Many research visits made by Serrin over the years led to him holding visiting positions at Stanford University (Summer 1961), the University of Chicago (Spring 1964, Spring 1975), Johns Hopkins University (Spring 1966), University of Sussex (1967-68, 1970, 1972), the Mittag-Leffler Institute in Stockholm (1975), the University of Naples (Summer 1979), the University of Perugia (Spring 1985, Summer 1992), Oxford University (Spring 1986), the University of Modena (Spring 1988), and the Georgia Institute of Technology (Autumn 1990). During his visit to the University of Chicago, Serrin gave lectures which were published as Foundations of classical thermodynamics (1975). Vadim Komkov writes that:-

... as an introduction to the axiomatic formulation of thermodynamics these notes are definitely stimulating.

The next book by Serrin was not published until after his retired. This was the important The maximum principle written in collaboration with Patrizia Pucci. The authors write in the Preface [2]:-

The maximum principle enables us to obtain information about solutions of differential equations and inequalities without any explicit knowledge of the solutions themselves, and thus can be a valuable tool in scientific research. In particular, this book should prove useful not only to professional mathematicians and students primarily interested in mathematics, but also to physicists, chemists, engineers and economists. The maximum principle moreover occurs in so many places and in such varied forms that anyone learning about it becomes acquainted with the classically important partial differential equations and, at the same time, discovers the reason for their importance.

Rodney Josué Biezuner reviewed the book. Here is a brief extract from the review:-

Since its first applications in the study of the Laplace and linear elliptic operators in general, the maximum principle has found a wide range of applications in nonlinear partial differential equations and inequalities, including equations involving the celebrated p-Laplace operator. A wealth of instances of such applications can be found in this book, clearly presented and thoroughly discussed. Complete or almost complete proofs are given to most results, and the presentation is usually very clear. Many results and even some of the proofs of standard results are new. Furthermore, the reader will find the first presentations in book form of the compact support principle and the general theory of structured elliptic inequalities. Notable features of this book include the careful historical research and the presence of interesting problems of varying difficulty at the end of each chapter, a rarity in books at this level.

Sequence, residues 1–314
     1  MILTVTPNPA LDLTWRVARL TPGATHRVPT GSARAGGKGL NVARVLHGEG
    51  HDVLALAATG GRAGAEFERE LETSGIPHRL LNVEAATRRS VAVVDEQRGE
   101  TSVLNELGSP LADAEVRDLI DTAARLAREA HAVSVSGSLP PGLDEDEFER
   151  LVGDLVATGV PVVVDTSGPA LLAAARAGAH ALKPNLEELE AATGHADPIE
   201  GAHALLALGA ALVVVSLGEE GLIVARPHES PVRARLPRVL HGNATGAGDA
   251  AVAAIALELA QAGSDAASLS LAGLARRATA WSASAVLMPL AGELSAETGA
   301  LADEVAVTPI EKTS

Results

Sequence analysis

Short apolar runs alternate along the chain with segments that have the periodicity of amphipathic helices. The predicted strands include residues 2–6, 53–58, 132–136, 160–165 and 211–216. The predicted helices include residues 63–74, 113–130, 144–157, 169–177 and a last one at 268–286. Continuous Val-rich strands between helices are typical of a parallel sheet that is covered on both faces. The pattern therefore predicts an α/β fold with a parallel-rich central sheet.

We noted above the two addresses that Serrin gave to the International Congress. He has given many other invited addresses at numerous international conferences held in the United States, England, Scotland, Italy, Canada, Israel, Poland, Hungary, India, France and Spain. He has addressed meetings of the American Mathematical Society, the Swedish Mathematical Society, the Finnish Mathematical Society, the Italian Mathematical Union, the Circolo Mathematico di Palermo, and the Canadian Mathematical Society. He has served on the editorial boards of many major journals including the Archive for Rational Mechanics and Analysis, the Journal of Differential Equations, Communications in Partial Differential Equations, the Bulletin of the American Mathematical Society, Rendiconti Circolo Matematico di Palermo, Asymptotic Analysis, Differential and Integral Equations, Communications in Applied Analysis, and Advances in Differential Equations.

Patrizia Pucci describes in [1] Serrin's interests outside mathematics, such as:-

... his interest in classical music and his sophisticated and ample collection of rare records; his sincere love of art and architecture and his splendid paintings (many by Professor Serrin's brother Richard), and his selection of fine objects collected with Barbara year by year, his warm and large library with impressive and almost unique books on art; and the collection of photographs taken essentially during his scientific travels.

Laurent Véron writes [3]:-

What exquisite hosts Barbara and Jim Serrin are! In their house, with antiques and memories, paintings and books, I had the privilege to have lunch on beautiful Wedgwood china, before attending a concert in their company.

Article by: J J O'Connor and E F Robertson


List of References (3 books/articles)

Mathematicians born in the same country


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  1. Mathematical Genealogy Project